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  • Samsung buys Harman: Amp my ride

    Posted 2016-11-17 15:48:41 by: Guest

    Print section Print Rubric:  In its biggest deal yet, Samsung bets on connected cars as a driving force Print Headline:  Amp my ride Print Fly Title:  Samsung buys Harman UK Only Article:  standard article Issue:  The new nationalism Fly Title:  Samsung buys Harman Location:  SEOUL Main image:  20161119_wbp001.jpg “THE car is the ultimate mobile device,” said Jeff Williams, an executive at Apple, last year. It was taken as another sign that the maker of iGadgets would be deepening its interest in the automotive sector (among other projects, it is developing an in-house smart car that is codenamed Project Titan). Now Samsung Electronics, its big rival in the smartphone world, is following. On November 14th the South Korean company said it would pay $8bn for Harman, a firm based in Stamford, ...

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  • Babbage: Fighting falsehoods

    Posted 2016-11-10 12:57:13 by: Guest

    Print section UK Only Article:  standard article Fly Title:  Babbage Main image:  20161112_mma904_107.jpg Rubric:  We are joined by Martin Sweeney, co-founder of Ravelin, to explain how artificial intelligence is being used to stop fraud. Our environment correspondent discusses climate-change scepticism in America and the potential fallout from a Trump presidency. Also, a long-standing bet about the underpinnings of the universe needs to be settled Published:  20161110 Source:  Online extra ...

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  • Cyber-security: Britain flexes its cyber-muscles

    Posted 2016-11-03 11:48:20 by: Guest

    Print section Print Rubric:  Online attacks by foreign powers will be met in kind, vows the government Print Headline:  Britain flexes its cyber-muscles Print Fly Title:  Cyber-security UK Only Article:  UK article only Issue:  America’s best hope Fly Title:  Cyber-security Main image:  20161105_brp503.jpg PHILIP HAMMOND, the chancellor of the exchequer, is not a man given to making dramatic statements. Known as “Spreadsheet Phil” during his cost-cutting stint as defence secretary, he does dry better than the Sahara. Yet on November 1st, addressing a geeky conference hosted by Microsoft, Mr Hammond declared that not only was Britain developing its offensive cyber-capabilities, but it was doing so “because the ability to detect, trace and retaliate in kind is likely to be the best deterrent”. It was a statement of intent that few Western governments have been ...

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  • Cyber-security: Crash testing

    Posted 2016-10-27 14:48:02 by: Guest

    Print section Print Rubric:  Recent attacks on the internet could be a prelude to far worse ones Print Headline:  Crash testing Print Fly Title:  Cyber-security UK Only Article:  standard article Issue:  Liberty moves north Fly Title:  Cyber-security Main image:  20161029_stp505.jpg “SOMEONE is learning how to take down the internet.” This was the headline of a blog post Bruce Schneier, a noted cyber-security expert, wrote in mid-September. It looked prescient when, on October 21st, Dynamic Network Services (Dyn), a firm that is part of the internet-address system, was disrupted by what is called a “distributed denial of service” (DDoS) attack. (Essentially, a DDoS floods servers with requests until they can no longer cope.) For hours, hundreds of sites were hard to reach, including those of Netflix, PayPal and Twitter. The attack on Dyn was only the latest in a ...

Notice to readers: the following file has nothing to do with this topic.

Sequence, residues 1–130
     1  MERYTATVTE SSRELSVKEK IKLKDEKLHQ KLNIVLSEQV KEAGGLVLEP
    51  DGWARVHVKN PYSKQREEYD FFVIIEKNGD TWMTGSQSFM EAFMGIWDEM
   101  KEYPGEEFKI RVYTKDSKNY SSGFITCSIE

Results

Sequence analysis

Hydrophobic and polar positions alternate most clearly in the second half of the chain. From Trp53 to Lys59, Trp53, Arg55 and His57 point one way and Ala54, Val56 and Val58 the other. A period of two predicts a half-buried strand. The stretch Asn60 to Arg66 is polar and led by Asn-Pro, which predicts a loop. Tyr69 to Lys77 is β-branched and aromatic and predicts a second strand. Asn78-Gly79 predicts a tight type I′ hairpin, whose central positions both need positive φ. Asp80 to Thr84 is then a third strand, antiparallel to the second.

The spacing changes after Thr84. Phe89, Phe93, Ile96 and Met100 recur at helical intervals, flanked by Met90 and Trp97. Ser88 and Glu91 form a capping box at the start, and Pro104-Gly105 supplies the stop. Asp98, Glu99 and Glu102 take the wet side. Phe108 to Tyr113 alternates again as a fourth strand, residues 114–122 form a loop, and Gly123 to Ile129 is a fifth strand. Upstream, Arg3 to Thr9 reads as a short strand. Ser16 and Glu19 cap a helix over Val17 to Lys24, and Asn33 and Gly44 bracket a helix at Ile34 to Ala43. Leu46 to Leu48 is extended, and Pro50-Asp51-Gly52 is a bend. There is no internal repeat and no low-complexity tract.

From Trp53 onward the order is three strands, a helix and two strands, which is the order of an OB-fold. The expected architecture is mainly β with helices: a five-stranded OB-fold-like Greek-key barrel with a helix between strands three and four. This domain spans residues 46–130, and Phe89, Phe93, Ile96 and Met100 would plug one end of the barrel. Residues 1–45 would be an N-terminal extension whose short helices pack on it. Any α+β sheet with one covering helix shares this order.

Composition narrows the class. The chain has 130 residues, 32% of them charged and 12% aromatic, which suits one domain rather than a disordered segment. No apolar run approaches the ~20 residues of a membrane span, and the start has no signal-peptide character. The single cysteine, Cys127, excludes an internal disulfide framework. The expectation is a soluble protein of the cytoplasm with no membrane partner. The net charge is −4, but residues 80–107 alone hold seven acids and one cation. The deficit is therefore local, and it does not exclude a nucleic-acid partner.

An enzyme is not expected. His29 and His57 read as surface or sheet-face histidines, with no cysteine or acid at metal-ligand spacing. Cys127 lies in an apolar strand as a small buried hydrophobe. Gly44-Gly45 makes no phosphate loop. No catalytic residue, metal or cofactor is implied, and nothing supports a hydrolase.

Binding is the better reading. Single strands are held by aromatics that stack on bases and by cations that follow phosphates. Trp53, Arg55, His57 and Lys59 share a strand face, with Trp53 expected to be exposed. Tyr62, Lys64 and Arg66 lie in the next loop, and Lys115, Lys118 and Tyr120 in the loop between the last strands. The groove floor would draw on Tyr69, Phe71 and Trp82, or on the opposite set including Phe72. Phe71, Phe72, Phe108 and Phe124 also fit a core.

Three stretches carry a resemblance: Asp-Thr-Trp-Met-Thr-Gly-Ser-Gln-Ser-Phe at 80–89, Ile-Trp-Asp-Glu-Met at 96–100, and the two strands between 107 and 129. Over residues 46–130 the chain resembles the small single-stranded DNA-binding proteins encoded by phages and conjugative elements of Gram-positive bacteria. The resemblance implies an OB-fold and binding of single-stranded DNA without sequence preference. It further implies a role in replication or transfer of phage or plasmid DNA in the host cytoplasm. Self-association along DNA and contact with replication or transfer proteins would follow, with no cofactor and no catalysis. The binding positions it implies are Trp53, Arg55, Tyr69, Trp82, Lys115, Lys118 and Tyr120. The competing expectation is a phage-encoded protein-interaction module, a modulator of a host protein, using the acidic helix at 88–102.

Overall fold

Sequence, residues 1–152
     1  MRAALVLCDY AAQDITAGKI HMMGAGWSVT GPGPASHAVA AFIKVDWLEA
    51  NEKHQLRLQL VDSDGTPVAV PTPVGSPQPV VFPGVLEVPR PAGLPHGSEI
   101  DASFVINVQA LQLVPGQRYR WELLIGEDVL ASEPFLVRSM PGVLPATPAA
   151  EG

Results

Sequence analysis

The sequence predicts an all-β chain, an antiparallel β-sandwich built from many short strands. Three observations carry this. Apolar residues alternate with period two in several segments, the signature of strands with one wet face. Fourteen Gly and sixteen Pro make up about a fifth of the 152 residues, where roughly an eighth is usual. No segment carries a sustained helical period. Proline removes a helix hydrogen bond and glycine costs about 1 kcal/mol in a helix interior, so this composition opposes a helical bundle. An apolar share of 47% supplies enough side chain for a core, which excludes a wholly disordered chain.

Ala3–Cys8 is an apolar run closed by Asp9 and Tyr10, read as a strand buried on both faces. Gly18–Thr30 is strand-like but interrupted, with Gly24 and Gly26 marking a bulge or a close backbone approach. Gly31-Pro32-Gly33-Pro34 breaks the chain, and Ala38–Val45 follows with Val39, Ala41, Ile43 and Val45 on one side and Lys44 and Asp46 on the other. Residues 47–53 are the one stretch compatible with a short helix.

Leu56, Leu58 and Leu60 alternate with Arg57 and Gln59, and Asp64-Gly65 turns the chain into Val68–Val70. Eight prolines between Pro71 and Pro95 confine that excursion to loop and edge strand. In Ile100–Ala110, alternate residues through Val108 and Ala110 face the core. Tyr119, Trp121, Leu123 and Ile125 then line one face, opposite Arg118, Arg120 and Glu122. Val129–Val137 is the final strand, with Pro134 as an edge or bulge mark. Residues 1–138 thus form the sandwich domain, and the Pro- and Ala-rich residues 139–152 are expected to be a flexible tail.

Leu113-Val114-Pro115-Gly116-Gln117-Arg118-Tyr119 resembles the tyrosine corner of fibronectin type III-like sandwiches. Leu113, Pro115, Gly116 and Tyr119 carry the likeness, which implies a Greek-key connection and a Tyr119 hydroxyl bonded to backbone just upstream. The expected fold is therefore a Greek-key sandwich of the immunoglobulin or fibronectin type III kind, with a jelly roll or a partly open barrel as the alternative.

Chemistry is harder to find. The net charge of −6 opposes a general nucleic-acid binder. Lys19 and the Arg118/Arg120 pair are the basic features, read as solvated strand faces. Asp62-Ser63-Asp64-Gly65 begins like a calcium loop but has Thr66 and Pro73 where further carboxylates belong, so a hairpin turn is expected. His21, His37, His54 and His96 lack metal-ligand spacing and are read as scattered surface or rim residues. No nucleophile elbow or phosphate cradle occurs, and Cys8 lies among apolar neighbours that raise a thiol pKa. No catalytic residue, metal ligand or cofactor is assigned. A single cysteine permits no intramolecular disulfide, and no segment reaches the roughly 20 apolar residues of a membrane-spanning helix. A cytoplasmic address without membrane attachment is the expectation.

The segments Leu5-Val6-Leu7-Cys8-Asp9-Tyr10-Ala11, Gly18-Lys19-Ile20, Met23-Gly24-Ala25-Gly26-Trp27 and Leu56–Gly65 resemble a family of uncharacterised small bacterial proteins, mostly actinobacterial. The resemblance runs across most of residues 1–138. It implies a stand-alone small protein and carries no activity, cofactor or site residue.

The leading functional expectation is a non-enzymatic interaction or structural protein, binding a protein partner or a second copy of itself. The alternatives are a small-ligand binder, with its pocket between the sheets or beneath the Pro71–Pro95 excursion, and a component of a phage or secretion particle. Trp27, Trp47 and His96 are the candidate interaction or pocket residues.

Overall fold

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  • Daily chart: Which gaming company will dominate the virtual-reality market?

    Posted 2016-10-14 11:36:03 by: Guest

    WITHIN a decade, virtual-reality (VR) technology is expected to transform the way businesses interact with customers. Immersive, 360-degree experiences, complete with touch and temperature sensations, should become the norm. As early as 2020, spending is forecast to reach $7.9 billion on VR headsets and $3.3 billion on VR entertainment. In the short run, however, VR primarily remains the preserve of gamers. The companies releasing the latest wave of console and headset devices are not only bringing joy to aficionados of “The Lab” and “Gunjack”, but also jockeying for position to compete in a much larger market once the technology goes mainstream.So far, the VR-gaming industry has roughly been divided into a casual sector, dominated by Samsung and Google, and the high end led by Facebook’s Oculus Rift and HTC’s Vive (both unveiled this spring). Sony, which released its own headset on October 13th with much fanfare, came relatively late to the game. But with a product more powerful than the mass-market devices, and more affordable than the top-tier ones, it may have a sweet spot all to itself. Moreover, it can rely on a captive global customer base of over 40m Playstation 4 users, forecast to surpass 50m by Christmas. As a result, the Sony headset is expected to make an immediate impact. IHS Markit, an analytics provider, projects the firm will make $134m from ...

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  • Technology in China: Insanely virtual